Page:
‘Chilling impact’: NYC subway shooting suspect arrested as transit safety concerns mount

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Police on Tuesday arrested a man wanted in connection with a fatal shooting inside a New York subway car, the latest attack to spark worries over the safety of the city’s trains.

Andrew Abdullah, 25, was taken into custody but has not yet been charged, John Grimpel of the NYPD’s Office of the Deputy Commissioner, Public Information confirmed to USA TODAY.

Authorities had been hunting for the gunman since the shooting inside the Manhattan-bound Q train on Sunday, which left one man dead in what police said was an attack “without provocation.”

Video from NBC New York showed Abdullah being taken into the Fifth Precinct in handcuffs Tuesday afternoon.

Police had tweeted a photo of a man they said was wanted in connection with the shooting.

“Do you know where Andrew Abdullah is? He’s wanted for shooting a fellow New Yorker in the chest on Sunday, May 22nd, causing the victim’s death, while on a ‘Q’ train in Manhattan,” the New York City Police Department tweeted Tuesday.

Police Commissioner Keechant Sewell shared surveillance photos Monday of a man tied to the shooting, saying, “We need all eyes on this.” 

The shooting comes as Mayor Eric Adams has sought to balance encouraging riders back into a system still recovering from the COVID-19 pandemic and promising safety after other violent attacks on the trains, including a mass shooting last month on a Brooklyn subway car.

“When you have an incident like this, it sends a chilling impact. There’s no getting around that,” Adams said Monday.

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Crime in the New York transit system is up 62.5% this year, according to the latest statistics from the NYPD, but is on par with crime levels from years before the pandemic. Last year saw a sharp dip in transit crime by this time.

Before Sunday’s shooting, there had been at least three murders in the transit system this year, compared with four at this time last year. The number of grand larcenies, felony assaults and robberies is up, according to police statistics.

Ridership, however, remains around 60% of its pre-pandemic levels, according to data from the Metropolitan Transportation Authority: 3 million to 3.6 million riders on a given weekday.

On Monday, Adams repeated his overture for riders to return to the subway: “The call is to come back to work. And the subway system being safe is a major driver to doing that.”

No police officer was in the subway car when the gunman opened fire Sunday, Adams said. In February, Adams released a safety plan that aimed to surge more officers into the subway system and connect homeless riders with city services. The plan came a month after the death of Michelle Alyssa Go, who was shoved onto the tracks at the Times Square station.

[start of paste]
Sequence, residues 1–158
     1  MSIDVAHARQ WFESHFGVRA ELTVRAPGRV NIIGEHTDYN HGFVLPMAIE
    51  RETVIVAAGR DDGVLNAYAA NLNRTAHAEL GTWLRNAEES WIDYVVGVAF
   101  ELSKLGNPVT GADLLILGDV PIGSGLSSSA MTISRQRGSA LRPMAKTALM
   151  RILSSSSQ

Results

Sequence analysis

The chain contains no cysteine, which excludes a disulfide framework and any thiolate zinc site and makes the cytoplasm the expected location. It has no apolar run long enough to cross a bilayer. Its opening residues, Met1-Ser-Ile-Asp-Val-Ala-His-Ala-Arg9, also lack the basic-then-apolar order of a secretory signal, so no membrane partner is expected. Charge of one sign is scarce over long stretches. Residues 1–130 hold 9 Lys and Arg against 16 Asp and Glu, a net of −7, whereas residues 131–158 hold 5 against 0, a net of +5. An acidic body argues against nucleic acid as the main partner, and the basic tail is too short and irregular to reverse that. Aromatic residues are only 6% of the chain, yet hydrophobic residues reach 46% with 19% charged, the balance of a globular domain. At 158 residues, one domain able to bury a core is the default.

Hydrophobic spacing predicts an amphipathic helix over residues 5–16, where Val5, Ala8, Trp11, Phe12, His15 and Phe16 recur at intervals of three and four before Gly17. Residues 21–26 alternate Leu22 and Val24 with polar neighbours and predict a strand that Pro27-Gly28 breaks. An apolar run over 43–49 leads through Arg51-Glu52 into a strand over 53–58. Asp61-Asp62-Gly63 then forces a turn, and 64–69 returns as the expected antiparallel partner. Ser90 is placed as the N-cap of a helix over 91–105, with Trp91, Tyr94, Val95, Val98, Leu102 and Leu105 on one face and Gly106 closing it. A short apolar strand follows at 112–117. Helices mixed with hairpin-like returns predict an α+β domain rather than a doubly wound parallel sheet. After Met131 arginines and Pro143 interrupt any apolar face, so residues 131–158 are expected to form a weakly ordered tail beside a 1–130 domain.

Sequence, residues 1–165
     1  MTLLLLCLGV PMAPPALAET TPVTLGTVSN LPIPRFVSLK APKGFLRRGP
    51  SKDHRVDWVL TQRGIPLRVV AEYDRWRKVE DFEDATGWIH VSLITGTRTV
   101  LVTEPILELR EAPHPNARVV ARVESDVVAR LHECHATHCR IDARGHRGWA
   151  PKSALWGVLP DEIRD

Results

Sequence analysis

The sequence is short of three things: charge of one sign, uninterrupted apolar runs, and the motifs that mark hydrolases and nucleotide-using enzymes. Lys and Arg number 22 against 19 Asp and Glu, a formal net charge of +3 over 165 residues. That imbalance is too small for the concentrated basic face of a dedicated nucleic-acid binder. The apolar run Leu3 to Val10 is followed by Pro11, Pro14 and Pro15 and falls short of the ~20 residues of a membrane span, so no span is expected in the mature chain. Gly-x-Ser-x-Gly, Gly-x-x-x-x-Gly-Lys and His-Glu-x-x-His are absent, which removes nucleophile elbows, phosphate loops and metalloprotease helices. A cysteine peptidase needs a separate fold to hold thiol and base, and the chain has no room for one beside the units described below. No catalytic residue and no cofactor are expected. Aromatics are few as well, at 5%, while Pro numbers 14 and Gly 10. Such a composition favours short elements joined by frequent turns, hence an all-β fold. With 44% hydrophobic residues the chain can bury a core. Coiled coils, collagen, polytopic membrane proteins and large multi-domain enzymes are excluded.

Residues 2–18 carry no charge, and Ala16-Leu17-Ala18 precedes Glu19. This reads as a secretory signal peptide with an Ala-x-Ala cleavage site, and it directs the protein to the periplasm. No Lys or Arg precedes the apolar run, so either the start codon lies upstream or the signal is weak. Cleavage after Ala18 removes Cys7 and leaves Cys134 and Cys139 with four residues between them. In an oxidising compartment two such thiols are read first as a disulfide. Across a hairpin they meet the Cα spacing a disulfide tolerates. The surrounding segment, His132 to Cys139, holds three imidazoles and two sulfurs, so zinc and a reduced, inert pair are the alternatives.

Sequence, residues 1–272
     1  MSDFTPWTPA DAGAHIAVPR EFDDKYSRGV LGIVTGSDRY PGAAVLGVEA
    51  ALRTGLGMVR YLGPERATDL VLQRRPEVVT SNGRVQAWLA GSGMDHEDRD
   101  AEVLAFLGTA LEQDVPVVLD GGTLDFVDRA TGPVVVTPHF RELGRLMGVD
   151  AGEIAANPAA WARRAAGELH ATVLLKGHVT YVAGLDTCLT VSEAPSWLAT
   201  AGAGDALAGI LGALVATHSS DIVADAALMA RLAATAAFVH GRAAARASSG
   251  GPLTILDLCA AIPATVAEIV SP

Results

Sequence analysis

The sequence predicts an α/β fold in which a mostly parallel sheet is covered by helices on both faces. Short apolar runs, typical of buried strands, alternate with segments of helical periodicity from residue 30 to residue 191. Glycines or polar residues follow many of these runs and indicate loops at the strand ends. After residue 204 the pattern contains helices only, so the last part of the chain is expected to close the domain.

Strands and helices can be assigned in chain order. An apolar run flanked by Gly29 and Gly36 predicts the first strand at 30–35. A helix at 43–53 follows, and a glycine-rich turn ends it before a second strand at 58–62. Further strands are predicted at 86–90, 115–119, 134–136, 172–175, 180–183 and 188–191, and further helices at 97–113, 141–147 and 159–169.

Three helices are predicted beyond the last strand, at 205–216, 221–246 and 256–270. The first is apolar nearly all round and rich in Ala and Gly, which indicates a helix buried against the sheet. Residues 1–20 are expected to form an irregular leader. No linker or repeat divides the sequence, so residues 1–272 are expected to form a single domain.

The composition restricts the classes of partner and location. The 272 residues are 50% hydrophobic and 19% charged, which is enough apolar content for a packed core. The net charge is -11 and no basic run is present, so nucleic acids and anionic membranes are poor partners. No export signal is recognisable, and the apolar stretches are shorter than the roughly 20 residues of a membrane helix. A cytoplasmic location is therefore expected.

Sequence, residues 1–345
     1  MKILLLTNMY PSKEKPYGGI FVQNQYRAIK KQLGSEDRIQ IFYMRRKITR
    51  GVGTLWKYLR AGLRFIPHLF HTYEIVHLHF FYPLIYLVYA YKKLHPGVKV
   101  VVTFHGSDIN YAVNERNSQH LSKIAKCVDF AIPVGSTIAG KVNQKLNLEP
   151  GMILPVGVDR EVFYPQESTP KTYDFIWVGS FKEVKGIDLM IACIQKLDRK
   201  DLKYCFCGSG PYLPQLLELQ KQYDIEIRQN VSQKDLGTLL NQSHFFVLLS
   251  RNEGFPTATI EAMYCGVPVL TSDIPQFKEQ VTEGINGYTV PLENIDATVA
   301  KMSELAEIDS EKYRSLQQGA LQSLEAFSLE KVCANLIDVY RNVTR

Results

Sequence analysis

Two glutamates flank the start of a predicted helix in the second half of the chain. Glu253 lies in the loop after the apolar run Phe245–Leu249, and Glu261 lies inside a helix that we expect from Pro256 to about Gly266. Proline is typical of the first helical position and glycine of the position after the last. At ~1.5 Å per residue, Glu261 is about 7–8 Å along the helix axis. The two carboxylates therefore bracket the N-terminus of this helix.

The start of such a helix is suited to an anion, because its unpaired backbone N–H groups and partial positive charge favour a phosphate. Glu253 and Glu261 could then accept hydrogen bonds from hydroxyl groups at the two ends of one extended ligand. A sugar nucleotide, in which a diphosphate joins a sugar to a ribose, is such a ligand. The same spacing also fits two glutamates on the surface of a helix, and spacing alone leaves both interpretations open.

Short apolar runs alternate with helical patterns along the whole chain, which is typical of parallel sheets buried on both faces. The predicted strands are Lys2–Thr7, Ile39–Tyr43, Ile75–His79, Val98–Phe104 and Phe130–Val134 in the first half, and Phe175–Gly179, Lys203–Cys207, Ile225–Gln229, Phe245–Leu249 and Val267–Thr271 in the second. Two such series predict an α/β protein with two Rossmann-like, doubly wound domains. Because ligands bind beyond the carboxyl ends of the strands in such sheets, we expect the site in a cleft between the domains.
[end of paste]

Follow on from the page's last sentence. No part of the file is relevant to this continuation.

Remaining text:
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After the mass subway shooting in April in the Brooklyn neighborhood of Sunset Park, Adams vowed to look into new technologies that could detect firearms and be placed at the entrances of subway stations. He said Monday that the city was still considering the technologies and that he wanted mobile units that could be moved between stations. The technology is different from a metal detector but could identify a firearm, Adams said.

The shooting Sunday killed Daniel Enriquez, 48, of Brooklyn, police said. Enriquez had largely avoided the subway at the height of the pandemic and recently because of safety concerns, preferring Uber rides to get to Manhattan from his home in Park Slope, his partner, Adam Pollack, told The New York Times.

NYPD Chief of Department Kenneth Corey said at a news conference Sunday that Enriquez and the gunman were in the last train car traveling on the Manhattan Bridge when the shooting occurred. Witnesses told police the gunman was pacing before firing one shot at Enriquez and striking him in the chest, Corey said.

The train pulled into the Canal Street station and the gunman fled, Corey said. The transit workers union said a train operator began chest compressions before police and EMS arrived. Enriquez was taken to a hospital, where he died, Corey said.

David Solomon, chairman and CEO of Goldman Sachs, where Enriquez worked, said in a statement that Enriquez was a dedicated and beloved employee who “epitomized our culture of collaboration and excellence.”

Contributing: The Associated Press